If you like your rock noisy and your bands abrasive, then look no further than Couch Slut. Megan Osztrosits is the culmination of all the collective rage and exploitation that women the world over feel. Their music is just fucking pure anger. Contempt, released last year, is one seriously good album. Droning, repetitive and powerful, Megan’s vocals add a human element to the unnaturally dark, abyssal musical hole that opens up behind her, but frankly, she ain’t going to help you.
The fact they just finishing a collaboration tour with The Body should give you a hint of the type of music that this unit employs already. It’s a cacophony of bone crumbling bass, bowel loosening distortion and flesh rending shrieks. Mariam, vocalist and guitarist apparently has an obsession (like a lot of you I’m sure) with serial killers and weird shit like that. I can tell you that it shows in their music; it’s deranged, insane and trying to kill you. I love it.
Ithaca play like they’re harking back to the good ol’ days where hardcore bands would just torture their guitars, creating weird squeal sounds along with the monotonous chugging. Despite how odd that sounds, Ithaca do an immensely brilliant job of merging massive groove with technicality and mathiness. Language of Injury only came out last month but I must have played it over a hundred times already. I brush my teeth to ‘Impulse Crush’; I cook breakfast to ‘Youth vs Wisdom’. Djamilla Azzouz has noodled her way into my head and my inner monologue is her monstrous screaming.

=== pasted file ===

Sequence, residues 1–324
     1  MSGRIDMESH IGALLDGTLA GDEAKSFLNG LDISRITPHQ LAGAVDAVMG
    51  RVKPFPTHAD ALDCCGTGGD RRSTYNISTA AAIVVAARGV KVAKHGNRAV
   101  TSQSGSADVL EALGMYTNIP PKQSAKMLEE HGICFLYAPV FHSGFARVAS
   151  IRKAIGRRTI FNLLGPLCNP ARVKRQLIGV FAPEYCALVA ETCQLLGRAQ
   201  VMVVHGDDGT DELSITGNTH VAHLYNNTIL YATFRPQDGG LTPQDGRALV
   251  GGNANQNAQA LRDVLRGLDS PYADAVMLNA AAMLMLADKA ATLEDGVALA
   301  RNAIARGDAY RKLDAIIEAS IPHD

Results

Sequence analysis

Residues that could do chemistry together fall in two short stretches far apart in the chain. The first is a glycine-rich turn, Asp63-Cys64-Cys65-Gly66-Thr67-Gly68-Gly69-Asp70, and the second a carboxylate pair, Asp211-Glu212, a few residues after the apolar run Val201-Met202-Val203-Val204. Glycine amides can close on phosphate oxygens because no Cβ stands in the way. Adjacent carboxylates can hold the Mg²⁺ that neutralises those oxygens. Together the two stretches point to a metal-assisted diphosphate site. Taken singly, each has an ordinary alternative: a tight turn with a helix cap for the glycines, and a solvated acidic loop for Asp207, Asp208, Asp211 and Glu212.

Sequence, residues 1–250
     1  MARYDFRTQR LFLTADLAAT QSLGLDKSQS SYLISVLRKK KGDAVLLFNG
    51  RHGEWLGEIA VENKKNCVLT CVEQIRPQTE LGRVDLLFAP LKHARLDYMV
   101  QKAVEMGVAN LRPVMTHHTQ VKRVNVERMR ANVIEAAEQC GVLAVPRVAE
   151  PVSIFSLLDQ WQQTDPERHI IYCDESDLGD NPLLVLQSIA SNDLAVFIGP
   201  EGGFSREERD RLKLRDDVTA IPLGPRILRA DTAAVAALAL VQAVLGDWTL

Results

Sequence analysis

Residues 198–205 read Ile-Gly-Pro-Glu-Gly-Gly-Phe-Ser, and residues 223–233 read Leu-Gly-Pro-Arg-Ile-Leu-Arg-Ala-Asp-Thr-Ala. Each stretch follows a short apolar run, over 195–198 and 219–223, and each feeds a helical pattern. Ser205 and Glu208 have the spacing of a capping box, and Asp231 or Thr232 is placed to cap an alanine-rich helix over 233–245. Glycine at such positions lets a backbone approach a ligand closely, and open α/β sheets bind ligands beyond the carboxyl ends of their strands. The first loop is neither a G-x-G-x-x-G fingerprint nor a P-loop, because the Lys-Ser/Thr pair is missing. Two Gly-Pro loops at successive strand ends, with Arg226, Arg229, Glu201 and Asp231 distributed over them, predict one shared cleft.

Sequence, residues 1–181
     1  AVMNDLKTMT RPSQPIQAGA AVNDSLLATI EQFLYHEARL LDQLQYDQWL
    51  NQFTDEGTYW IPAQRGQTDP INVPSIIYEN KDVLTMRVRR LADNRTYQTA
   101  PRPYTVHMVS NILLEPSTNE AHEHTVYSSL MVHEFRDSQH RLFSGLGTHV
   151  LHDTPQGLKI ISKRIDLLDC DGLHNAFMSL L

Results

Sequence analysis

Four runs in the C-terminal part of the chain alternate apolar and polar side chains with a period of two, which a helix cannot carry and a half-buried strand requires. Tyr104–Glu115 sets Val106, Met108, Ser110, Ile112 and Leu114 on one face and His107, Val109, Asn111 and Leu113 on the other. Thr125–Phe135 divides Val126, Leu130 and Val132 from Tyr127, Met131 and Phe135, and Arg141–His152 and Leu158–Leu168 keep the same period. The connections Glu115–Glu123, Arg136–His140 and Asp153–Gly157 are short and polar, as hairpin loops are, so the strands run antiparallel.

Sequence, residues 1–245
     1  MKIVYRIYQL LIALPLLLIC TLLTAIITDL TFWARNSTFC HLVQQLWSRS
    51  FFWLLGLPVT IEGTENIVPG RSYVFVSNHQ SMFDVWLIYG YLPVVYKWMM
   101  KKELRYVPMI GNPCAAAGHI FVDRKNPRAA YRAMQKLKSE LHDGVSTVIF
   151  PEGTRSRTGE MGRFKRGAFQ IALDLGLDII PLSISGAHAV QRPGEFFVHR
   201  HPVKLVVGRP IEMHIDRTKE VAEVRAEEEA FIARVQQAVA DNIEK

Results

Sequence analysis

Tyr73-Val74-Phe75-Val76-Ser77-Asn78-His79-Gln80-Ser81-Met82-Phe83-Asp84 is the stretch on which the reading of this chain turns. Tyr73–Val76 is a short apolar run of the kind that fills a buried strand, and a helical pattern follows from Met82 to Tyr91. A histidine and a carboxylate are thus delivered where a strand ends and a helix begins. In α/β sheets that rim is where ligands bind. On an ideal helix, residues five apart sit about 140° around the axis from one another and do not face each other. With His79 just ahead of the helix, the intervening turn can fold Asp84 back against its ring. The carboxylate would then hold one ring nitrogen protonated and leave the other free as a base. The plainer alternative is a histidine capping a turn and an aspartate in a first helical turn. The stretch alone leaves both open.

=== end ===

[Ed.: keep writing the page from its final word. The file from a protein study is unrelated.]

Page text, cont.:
Old versus new Iwrestedabearonce is vastly different. From the humble beginnings of their absolutely spastic (and brilliant) It’s All Happening, with lighthearted weirdness and abrasive signatures and guitar tones, to the positively terrifying Hail Mary, with its shattered glass riffs and knife through the throat screams… It’s been a journey. Regardless of the direction of their music, it’s consistently off the wall, and consistently noisy as fuck. It really fills that Tony Danza sized hole in my life.